Since our last release, there have been major changes in the code with 1272 files changed, 100637 insertions, 112144 deletions, 1648 commits from 49 authors. This includes a major rewrite of the code that handles features including memory management, thread handling, process handling, filesystem and signal handling. You can find the detailed changelog at our github.  In future, we plan to continue Gramine development with additional features, code cleanup, tooling, and documentation. We also plan to add generic support for I/O device communication as well as add additional Platform Adaptation Layers (PAL) for other TEEs like Intel® TDX.

Gramine has a growing set of well-tested applications including machine learning frameworks, databases, web servers, and programming language runtimes and there are several projects that are already experimenting with Gramine for developing their solutions to protect data in use. We expect that Gramine 1.0 will bring many of those solutions to production. We look forward to your feedback as you deploy this latest version of Gramine for your confidential computing solutions with lift-and-shift capability.

For more information on the release please check out: https://github.com/gramineproject/gramine/releases/tag/v1.0

We invite you to join the Gramine community and contribute to adoption of  confidential computing through open source collaboration.

Confidential Computing microconference at Linux Plumbers Conference September 20-24th, 2021

By Announcement

The Confidential Computing microconference focuses on solutions to the development of using the state of the art encyption technologies for live encryption of data, and how to utilize the technologies from AMD (SEV), Intel (TDX),  s390 and ARM Secure Virtualization for secure computation of VMs, containers and more. To learn more, please visit: https://www.linuxplumbersconf.org/event/11/page/104-accepted-microconferences#cont-cf

Suggested Topics:

For more references, see:

MC lead:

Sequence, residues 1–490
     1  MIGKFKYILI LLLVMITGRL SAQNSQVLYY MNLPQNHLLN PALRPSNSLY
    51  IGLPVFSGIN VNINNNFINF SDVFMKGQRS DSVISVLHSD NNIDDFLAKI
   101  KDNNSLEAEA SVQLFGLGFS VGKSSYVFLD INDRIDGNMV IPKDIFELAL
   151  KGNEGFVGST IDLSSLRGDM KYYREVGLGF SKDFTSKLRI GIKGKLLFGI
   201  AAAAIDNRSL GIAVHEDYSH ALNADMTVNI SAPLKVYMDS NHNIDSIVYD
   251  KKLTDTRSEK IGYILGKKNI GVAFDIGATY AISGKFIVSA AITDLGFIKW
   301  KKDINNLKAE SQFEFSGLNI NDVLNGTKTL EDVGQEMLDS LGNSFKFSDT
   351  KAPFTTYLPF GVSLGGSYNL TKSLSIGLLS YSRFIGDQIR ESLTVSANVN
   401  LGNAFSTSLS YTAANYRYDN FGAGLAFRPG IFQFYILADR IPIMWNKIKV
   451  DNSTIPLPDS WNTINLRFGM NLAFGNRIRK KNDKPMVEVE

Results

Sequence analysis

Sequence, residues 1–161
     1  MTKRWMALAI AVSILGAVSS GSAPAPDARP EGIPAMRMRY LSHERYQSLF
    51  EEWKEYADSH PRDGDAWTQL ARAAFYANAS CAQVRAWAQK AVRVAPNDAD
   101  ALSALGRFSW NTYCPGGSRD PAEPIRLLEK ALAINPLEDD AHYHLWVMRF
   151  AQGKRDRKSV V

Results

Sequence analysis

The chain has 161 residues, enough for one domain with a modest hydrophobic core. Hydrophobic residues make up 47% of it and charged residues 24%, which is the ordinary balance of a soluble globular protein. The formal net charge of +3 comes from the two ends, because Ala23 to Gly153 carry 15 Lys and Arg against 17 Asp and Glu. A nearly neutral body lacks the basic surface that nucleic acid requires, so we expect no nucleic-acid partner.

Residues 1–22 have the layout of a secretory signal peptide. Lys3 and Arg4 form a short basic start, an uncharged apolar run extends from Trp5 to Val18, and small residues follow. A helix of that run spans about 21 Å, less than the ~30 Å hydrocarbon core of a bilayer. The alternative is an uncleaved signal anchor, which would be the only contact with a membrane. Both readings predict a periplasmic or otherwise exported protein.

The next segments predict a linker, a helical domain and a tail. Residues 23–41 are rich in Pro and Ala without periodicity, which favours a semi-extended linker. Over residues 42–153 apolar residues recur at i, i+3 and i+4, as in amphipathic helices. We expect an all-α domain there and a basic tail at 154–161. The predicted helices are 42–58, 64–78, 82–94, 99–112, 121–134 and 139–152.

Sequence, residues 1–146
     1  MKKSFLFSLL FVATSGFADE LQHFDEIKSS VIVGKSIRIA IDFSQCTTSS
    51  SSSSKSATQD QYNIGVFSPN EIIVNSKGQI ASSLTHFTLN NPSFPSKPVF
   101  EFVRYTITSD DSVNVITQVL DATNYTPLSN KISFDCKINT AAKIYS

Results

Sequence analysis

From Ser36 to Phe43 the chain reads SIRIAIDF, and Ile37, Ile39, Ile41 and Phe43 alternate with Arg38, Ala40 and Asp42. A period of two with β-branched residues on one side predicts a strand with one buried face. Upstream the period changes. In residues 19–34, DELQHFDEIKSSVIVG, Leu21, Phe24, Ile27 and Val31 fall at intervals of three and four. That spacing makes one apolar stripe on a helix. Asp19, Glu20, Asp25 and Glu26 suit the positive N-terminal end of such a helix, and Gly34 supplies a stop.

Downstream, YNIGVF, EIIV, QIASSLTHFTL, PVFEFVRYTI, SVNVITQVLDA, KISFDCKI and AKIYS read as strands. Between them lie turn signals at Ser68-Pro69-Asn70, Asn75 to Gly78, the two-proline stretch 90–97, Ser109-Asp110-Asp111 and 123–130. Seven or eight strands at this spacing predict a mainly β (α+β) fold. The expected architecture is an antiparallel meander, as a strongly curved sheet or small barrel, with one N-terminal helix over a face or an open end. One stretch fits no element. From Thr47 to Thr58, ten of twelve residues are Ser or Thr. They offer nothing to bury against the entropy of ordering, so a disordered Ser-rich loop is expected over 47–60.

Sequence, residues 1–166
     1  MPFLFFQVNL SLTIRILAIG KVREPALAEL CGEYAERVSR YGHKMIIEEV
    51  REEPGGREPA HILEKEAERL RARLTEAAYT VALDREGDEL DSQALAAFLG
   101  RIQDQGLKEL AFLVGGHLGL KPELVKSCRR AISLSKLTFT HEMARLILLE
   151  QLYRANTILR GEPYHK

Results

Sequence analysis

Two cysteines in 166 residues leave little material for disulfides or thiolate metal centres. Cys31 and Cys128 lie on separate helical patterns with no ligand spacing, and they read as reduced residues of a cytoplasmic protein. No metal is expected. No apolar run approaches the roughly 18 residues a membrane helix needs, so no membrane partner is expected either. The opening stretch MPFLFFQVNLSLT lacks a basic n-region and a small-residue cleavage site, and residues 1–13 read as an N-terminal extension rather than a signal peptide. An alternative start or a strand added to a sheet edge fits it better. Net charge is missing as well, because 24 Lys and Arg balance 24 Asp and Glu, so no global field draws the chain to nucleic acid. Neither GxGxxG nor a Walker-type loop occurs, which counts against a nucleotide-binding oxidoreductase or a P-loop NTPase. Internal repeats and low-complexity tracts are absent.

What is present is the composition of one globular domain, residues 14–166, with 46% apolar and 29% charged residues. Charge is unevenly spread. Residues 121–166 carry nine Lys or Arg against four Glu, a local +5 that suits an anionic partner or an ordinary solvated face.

• Joerg Roedel <joro@8bytes.org>

Gramine (formerly known as Graphene) Joins the Linux Foundation Confidential Computing Consortium

By Announcement

Gramine is the newest project at the Confidential Computing Consortium!

Gramine (formerly known as Graphene) is a lightweight library OS, designed to run applications in an isolated environment with benefits comparable to running a complete OS in a virtual machine — including guest customization, ease of porting to different OSes, and process migration.

In untrusted cloud and edge deployments, there is a strong desire to shield the whole application from the rest of the infrastructure. Gramine supports this “lift and shift” paradigm for bringing unmodified applications into Confidential Computing with Intel® SGX. Gramine can protect applications from a malicious system stack with minimal porting effort.

Today, the Gramine project, with the direction determined by a diverse group of contributors, from universities, small and large companies, as well as individuals, is proud to join the Linux Foundation as an official Confidential Computing Consortium project. The Confidential Computing Consortium focuses on open source licensed projects securing data in use and accelerating the adoption of confidential computing through open collaboration aligns perfectly with the goals of the Gramine project.

The Confidential Computing Consortium brings together hardware vendors, cloud providers, and software developers to accelerate the adoption of Trusted Execution Environment (TEE) technologies and standards. The consortium supports open source projects that advance the use of hardware-based TEEs. For more information, please visit: https://confidentialcomputing.io